EmiratesGBC’s BEA Project Report Presents Compelling Insights on Energy & Water Use Efficiency by Dubai’s Schools, Hotels and Malls
While several schools, malls and hotels in Dubai are way ahead in achieving high levels of energy and water use efficiency, others need to pace up their sustainability commitment to ensure they are aligned with the sustainable development vision of the nation.
This was revealed in the results of the Building Efficiency Accelerator (BEA) Project Report, prepared by Emirates Green Building Council (EmiratesGBC), an independent forum aimed at conserving the environment by strengthening and promoting green building practices.
The BEA project is led by the World Resources Institute (WRI) under the UN programme, Sustainable Energy for All (SEforAll), which aims to accelerate implementation of building efficiency policies and programs, and double the global rate of improvement in energy efficiency by 2030.
Dubai is the first and only city in the Middle East committed to the BEA, and EmiratesGBC is serving as the BEA City Liaison in partnership with Dubai Supreme Council of Energy (DSCE) to evaluate the energy performance of hotels, schools and malls in the city.
EmiratesGBC’s BEA team assessed the energy and water performance of existing buildings against similar buildings within the same typology as part of the study since January 2018. A total of 121 properties, including 85 hotels, 27 schools and 9 malls, submitted data on their energy and water use.
The BEA project findings demonstrate performance disparity in all three groups. The study revealed that the best hotel and hotel apartment performers consume 58% less energy and 65% less water per unit area than the worst performers in the category. Older hotels are likely to consume more energy and water per unit area further highlighting the importance of retrofits. Higher star-rated hotel properties are also likely to consume slightly more energy and water per unit area with hotels and hotel apartments consuming 12% less energy and 36% less water, on average, per area than resorts.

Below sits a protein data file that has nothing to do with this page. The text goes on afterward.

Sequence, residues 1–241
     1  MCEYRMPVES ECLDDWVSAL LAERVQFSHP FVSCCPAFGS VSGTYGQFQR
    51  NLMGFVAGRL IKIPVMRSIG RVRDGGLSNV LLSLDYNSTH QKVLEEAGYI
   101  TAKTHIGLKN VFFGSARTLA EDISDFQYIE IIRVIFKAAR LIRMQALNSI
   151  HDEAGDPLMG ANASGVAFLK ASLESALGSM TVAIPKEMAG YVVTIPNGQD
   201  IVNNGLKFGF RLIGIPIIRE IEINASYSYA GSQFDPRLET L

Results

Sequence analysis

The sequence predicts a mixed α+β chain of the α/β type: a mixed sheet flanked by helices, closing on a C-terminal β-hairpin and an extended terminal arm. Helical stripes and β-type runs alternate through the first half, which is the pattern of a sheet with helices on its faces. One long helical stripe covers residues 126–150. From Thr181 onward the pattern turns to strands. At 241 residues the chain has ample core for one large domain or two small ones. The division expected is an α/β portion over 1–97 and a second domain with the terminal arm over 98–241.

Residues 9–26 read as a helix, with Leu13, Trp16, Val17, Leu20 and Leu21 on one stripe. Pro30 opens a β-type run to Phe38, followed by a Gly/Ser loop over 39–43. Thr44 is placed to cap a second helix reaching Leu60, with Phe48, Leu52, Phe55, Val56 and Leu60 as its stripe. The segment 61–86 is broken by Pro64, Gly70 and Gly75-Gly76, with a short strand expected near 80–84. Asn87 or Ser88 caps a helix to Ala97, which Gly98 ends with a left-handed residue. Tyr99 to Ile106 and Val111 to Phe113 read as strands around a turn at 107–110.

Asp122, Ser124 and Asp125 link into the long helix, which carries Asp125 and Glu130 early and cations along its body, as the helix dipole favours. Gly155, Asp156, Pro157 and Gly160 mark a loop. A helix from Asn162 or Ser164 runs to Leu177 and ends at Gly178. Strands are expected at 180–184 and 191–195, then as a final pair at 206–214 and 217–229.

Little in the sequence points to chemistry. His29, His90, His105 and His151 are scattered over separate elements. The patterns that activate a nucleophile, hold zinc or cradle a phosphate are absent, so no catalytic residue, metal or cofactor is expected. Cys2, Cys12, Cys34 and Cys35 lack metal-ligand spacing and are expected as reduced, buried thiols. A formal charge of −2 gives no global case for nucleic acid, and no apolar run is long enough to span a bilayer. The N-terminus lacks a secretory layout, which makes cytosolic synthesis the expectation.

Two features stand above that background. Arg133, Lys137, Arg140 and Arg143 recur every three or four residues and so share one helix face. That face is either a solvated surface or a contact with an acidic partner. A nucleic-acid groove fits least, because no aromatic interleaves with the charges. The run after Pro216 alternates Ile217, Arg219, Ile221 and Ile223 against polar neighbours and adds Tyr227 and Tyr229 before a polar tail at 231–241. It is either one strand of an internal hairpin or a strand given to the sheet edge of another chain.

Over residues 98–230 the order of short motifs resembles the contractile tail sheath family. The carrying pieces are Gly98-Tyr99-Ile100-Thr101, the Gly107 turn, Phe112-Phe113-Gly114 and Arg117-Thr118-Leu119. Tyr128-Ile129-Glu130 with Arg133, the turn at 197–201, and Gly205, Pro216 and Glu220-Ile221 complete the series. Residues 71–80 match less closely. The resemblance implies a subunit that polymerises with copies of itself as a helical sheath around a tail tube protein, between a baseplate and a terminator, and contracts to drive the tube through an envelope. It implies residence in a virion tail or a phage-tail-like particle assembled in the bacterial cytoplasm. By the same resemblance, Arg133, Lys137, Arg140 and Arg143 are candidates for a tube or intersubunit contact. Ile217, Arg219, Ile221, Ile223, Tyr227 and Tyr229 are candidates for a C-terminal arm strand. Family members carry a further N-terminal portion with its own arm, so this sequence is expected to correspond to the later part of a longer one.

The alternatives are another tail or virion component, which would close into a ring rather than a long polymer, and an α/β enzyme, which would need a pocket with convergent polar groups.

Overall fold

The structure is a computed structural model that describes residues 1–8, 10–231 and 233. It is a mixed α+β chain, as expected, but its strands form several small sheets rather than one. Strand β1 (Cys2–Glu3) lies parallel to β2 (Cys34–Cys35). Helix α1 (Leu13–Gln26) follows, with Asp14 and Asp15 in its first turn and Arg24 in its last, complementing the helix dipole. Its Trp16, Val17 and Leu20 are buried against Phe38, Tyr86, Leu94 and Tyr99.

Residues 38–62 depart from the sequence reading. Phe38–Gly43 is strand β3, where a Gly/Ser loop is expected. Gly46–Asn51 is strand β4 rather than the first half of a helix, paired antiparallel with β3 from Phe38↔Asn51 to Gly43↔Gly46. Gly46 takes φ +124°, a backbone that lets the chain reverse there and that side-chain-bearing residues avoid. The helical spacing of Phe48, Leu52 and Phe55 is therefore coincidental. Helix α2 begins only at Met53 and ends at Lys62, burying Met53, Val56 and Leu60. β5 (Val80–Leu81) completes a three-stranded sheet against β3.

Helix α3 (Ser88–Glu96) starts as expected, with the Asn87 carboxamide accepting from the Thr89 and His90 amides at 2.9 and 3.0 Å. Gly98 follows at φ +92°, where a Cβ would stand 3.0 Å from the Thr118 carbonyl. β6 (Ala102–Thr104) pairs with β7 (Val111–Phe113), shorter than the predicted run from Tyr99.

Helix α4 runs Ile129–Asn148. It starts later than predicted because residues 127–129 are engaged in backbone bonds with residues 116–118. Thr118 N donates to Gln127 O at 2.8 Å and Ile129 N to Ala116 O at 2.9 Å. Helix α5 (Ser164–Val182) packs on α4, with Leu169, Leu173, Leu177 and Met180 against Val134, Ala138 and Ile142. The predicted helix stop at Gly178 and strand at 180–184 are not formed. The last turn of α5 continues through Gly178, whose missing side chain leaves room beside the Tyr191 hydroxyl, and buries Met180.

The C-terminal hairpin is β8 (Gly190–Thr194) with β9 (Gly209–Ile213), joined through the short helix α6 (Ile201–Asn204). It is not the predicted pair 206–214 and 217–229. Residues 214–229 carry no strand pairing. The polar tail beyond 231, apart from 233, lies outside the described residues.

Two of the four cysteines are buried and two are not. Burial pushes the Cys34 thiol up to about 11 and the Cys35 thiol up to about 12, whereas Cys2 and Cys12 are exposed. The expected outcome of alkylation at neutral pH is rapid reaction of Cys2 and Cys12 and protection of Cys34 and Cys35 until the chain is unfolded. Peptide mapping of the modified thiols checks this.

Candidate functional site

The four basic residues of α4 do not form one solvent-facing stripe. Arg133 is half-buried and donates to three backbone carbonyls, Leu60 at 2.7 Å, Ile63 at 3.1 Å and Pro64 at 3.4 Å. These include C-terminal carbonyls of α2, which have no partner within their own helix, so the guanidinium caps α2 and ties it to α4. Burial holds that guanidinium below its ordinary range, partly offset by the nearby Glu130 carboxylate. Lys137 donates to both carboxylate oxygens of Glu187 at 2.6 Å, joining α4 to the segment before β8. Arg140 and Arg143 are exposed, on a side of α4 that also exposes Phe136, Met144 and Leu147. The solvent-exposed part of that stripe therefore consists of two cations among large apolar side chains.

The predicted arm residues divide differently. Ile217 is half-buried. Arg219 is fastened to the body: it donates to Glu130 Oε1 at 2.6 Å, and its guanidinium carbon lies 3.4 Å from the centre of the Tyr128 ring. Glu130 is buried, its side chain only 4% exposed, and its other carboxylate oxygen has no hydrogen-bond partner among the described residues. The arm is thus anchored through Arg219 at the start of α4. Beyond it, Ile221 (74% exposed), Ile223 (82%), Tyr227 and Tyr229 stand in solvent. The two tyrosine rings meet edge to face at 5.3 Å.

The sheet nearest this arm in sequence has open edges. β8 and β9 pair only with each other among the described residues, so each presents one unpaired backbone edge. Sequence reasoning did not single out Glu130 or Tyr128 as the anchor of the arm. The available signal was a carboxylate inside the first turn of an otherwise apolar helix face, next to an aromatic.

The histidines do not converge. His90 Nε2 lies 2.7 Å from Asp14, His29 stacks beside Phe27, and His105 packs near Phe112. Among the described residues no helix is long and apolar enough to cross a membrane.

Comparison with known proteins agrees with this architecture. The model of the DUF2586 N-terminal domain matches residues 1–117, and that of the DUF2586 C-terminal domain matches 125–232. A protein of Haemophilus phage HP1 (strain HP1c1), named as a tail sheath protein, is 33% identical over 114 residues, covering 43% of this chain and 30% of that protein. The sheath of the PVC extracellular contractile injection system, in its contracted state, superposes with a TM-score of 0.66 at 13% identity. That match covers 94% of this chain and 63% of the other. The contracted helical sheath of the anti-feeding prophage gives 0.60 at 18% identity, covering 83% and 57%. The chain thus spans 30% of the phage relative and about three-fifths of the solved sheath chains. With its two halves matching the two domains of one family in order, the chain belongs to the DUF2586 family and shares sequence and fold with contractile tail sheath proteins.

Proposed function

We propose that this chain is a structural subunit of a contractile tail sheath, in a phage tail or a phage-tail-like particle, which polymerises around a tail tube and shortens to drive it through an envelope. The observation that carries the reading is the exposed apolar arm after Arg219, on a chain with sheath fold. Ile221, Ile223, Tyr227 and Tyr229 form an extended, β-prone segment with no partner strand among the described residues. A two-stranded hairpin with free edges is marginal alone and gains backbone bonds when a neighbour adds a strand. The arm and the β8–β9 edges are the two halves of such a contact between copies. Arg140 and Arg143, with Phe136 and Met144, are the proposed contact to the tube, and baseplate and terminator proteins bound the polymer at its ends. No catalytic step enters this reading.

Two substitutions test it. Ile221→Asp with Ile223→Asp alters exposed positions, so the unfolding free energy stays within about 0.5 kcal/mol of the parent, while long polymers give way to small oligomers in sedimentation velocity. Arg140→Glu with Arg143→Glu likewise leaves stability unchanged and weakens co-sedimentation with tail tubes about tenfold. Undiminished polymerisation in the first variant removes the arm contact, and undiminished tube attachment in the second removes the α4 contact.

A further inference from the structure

The best performers among schools consume 61% less energy and 84% less water per unit area compared to the worst with newer schools likely to be higher consumers of energy and water. The report also indicates that schools rated higher by the Knowledge and Human Development Authority (KHDA) were likely to consume less energy per unit area. Among malls, the lowest consumer uses 35% less energy and 58% less water per area compared to the highest consumer.
Saeed Al Abbar, Chairman of EmiratesGBC, said: “The project’s main objectives is to promote energy efficiency within Dubai’s existing building stock by providing performance benchmark data to the industry and public sector. We believe this will provide vital information on the performance of existing buildings to policy makers and building owners and will accelerate the uptake of energy retrofits. The findings reveal that there is a strong potential for savings and operational efficiencies that can be achieved through remedial actions such as audits, retrofits, energy management and the use of awareness campaigns or trainings to drive changes in behaviour. The report also highlights the importance of deep retrofits as a substantial measure in advancing towards 100 per cent Net Zero Carbon Buildings by 2050 and to achieve the goals of the Paris Agreement of keeping global warming well below 2 degrees Celsius.”